With 5G, Europe closes the network gap with the US

CNET | 7/10/2019 | Katie Collins
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5G arrived in London this May.

We can thank Europe for building much of what made the modern mobile phone. Companies like Nokia and Ericsson built the first blockbuster devices and the continent created GSM, the network technology used around the world.

Generation - Data - Speeds - Europe - Year

With the latest generation in mobile data speeds, though, Europe isn't leading, it's following. Over the past year the US and South Korea have beat Europe to the launch of 5G, bringing a new chapter in mobile experiences, such as streaming 4K video on the go, less network congestion in busy city centers and support for new technologies such as autonomous cars.

But even as a follower, Europe is host to a fiercely competitive environment of stakeholders all wanting to prove they can deploy 5G first. Obstacles such as spectrum auctions in some countries remain, but the region's networks have shown that when necessary, they can accelerate their own plans to catch up and keep pace with industry leaders around the world.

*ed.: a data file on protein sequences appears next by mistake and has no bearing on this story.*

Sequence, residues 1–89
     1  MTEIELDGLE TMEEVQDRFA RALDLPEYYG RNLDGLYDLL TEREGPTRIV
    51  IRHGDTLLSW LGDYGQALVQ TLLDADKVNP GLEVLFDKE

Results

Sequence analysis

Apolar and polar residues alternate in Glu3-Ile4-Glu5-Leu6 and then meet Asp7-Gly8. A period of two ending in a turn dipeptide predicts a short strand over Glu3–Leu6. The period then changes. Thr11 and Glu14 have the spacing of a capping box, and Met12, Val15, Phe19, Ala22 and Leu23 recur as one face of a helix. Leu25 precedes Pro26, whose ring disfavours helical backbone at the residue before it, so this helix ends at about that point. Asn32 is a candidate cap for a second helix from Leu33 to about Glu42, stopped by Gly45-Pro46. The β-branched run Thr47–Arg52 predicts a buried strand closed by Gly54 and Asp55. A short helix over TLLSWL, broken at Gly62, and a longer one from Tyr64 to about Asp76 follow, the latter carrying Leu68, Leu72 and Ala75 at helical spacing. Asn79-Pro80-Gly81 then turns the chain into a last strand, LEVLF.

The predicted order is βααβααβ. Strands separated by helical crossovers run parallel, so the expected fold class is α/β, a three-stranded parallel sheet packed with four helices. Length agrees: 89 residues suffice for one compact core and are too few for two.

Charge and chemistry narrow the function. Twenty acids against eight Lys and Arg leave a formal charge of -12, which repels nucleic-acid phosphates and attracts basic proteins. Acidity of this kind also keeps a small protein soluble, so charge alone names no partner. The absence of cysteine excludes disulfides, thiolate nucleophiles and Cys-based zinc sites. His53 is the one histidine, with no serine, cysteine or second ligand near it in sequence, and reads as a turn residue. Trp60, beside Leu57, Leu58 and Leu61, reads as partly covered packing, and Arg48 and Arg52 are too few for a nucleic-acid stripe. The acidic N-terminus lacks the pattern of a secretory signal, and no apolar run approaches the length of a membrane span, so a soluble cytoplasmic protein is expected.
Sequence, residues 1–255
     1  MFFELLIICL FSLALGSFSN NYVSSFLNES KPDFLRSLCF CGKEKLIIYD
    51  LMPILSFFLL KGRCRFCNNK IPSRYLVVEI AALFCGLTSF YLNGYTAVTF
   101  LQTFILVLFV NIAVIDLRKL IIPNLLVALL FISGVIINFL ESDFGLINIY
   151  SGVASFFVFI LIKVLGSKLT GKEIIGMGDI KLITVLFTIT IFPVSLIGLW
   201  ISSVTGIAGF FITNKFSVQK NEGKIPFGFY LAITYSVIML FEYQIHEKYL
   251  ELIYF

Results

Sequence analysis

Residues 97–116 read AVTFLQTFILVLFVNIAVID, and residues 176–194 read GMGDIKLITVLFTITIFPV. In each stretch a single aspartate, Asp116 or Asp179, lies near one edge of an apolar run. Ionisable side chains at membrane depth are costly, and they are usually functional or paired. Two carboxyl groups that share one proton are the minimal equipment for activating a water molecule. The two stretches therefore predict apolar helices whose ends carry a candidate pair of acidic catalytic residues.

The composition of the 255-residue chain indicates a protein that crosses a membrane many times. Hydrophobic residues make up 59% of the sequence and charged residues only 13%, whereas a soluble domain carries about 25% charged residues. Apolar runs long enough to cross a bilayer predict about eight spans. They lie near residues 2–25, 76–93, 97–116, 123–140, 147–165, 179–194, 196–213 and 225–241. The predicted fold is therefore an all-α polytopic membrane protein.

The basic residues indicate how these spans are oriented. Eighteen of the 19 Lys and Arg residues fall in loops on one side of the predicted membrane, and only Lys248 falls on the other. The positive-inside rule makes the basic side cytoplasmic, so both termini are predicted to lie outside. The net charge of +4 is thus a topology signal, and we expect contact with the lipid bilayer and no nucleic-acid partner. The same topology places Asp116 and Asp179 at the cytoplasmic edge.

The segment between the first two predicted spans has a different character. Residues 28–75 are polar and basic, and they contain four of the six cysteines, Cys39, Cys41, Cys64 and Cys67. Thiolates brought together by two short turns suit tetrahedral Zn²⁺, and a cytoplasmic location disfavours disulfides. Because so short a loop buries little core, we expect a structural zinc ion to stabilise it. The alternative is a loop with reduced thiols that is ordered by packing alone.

Mobile - World - Congress - Barcelona - February

Even since Mobile World Congress in Barcelona in February, Europe's networks have made big progress in implementing 5G. In April, Switzerland's Swisscom became the first European carrier to switch on its 5G service, with the UK's EE following in May. Since then, Vodafone has also turned on its 5G network, not just in the UK, but also in Spain and Italy, with the network promising 5G roaming across all three countries, and Germany, this summer.

Sure, coverage is patchy right now and speed test results are mixed as CNET's tests around the UK have found, but Europe's 5G rollout is indisputably underway.

Trend - Networks - Bundling - Data - Products

One trend so far among European networks is the bundling of unlimited data with extra products or services, such as home broadband, or unlimited data reserved specifically for gaming or video streaming. The US has been doing this, too --...
(Excerpt) Read more at: CNET
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